Pro tip: Keep it simple. You can stand out among the crowd by keeping a price sheet in an easily accessible location, even if all you can offer are estimates for shipping.

Provide Options for Guest Checkout

The faster a potential customer can complete a purchase the better in terms of conversion rate. This is what makes offering guest checkout a strong cart abandonment strategy. Now, from the company’s perspective, guest checkout isn’t the most desirable. However, if it gets you more sales, providing an option for guest checkout may pay off in the long run. At the very least, it’s worth crunching the numbers or running a survey to see how many of your site visitors are leaving you because you don’t offer guest checkout options. 

Pro tip: Offer incentives to sign up as a member. Some initial ideas include free shipping, instant coupons, and the promise not to spam your members’ inboxes. A good place to offer incentives is the “Thank you for ordering page,” where you can ask the user to save their details for future purchases.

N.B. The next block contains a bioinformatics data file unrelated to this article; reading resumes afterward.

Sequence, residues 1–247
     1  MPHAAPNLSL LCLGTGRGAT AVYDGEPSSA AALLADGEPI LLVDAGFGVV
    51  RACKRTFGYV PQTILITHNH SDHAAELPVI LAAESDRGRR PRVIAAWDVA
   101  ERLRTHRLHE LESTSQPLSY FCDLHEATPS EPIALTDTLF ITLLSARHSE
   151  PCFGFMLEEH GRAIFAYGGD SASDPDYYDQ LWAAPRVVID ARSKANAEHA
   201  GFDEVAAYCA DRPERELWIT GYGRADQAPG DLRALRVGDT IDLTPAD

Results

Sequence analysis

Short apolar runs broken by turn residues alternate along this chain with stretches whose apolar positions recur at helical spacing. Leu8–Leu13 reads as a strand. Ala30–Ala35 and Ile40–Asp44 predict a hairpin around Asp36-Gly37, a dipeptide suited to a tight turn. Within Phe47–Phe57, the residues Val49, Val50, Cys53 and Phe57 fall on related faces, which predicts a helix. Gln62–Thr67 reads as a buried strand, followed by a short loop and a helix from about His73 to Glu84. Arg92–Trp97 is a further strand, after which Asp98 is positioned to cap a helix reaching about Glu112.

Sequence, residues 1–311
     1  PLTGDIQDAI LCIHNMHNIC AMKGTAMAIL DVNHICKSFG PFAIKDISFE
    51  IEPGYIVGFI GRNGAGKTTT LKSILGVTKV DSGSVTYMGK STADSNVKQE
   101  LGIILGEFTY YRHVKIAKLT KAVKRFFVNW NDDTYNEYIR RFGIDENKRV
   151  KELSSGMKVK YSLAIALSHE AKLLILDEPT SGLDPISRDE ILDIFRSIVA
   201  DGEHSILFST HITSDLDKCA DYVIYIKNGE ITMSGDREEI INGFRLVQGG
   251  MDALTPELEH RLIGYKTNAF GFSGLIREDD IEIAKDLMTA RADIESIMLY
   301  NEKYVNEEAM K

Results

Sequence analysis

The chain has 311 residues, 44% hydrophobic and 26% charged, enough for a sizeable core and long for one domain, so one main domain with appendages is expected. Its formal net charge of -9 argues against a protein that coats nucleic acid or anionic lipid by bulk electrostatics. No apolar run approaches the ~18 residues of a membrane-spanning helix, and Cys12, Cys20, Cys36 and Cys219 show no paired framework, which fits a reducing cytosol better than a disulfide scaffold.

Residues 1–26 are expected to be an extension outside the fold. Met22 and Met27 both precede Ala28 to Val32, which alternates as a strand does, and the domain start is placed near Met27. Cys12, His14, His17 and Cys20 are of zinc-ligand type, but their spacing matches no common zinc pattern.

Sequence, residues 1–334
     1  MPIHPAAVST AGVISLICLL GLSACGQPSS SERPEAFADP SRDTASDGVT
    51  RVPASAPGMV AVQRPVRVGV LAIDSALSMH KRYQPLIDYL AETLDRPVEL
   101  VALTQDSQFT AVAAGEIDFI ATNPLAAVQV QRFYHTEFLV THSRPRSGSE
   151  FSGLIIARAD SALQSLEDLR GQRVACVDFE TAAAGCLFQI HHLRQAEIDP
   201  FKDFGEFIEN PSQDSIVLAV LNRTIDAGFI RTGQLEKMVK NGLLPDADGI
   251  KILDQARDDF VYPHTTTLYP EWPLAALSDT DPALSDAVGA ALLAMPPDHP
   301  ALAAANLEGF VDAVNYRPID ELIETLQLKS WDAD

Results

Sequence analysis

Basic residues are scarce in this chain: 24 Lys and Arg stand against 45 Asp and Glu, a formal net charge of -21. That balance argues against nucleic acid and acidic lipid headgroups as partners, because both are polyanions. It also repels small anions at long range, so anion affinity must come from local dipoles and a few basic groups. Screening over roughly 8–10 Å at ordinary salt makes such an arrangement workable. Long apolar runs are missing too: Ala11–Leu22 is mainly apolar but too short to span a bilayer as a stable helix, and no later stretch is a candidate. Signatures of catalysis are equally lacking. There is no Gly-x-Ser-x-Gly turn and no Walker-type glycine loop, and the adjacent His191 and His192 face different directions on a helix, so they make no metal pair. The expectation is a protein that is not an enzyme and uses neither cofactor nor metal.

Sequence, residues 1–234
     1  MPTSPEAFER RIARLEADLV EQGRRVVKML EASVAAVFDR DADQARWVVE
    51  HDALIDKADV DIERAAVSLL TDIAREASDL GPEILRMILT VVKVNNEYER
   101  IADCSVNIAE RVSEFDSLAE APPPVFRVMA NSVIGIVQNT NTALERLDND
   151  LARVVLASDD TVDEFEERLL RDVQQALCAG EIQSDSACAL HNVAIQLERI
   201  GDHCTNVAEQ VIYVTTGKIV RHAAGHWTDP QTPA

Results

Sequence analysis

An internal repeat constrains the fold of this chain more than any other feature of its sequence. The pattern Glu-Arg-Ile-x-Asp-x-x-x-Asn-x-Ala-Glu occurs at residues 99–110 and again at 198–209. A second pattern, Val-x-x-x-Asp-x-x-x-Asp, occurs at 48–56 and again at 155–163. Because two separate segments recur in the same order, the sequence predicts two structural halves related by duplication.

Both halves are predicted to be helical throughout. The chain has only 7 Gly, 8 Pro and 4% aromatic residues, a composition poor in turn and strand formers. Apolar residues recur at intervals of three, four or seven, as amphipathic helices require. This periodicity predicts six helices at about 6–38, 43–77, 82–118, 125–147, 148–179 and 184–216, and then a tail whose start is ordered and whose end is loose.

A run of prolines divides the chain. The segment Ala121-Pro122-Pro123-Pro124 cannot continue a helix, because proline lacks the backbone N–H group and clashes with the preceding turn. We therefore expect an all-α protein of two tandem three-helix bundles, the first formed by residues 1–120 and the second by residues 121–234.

Factor in the Shipping Cost in Other Ways if Possible

Online shoppers love free shipping and will oftentimes spend more money than they intended if a certain dollar amount is required to qualify for free shipping on their order. So, take advantage of this. If you’re faced with really high shipping costs as a business, consider factoring in these costs in other ways, if at all possible. If that’s not possible, offer solid explanations as to why it’s costly to ship your product and why consumers would be willing to pay that much. At the end of the day, when you have an excellent product, people will pay the shipping cost.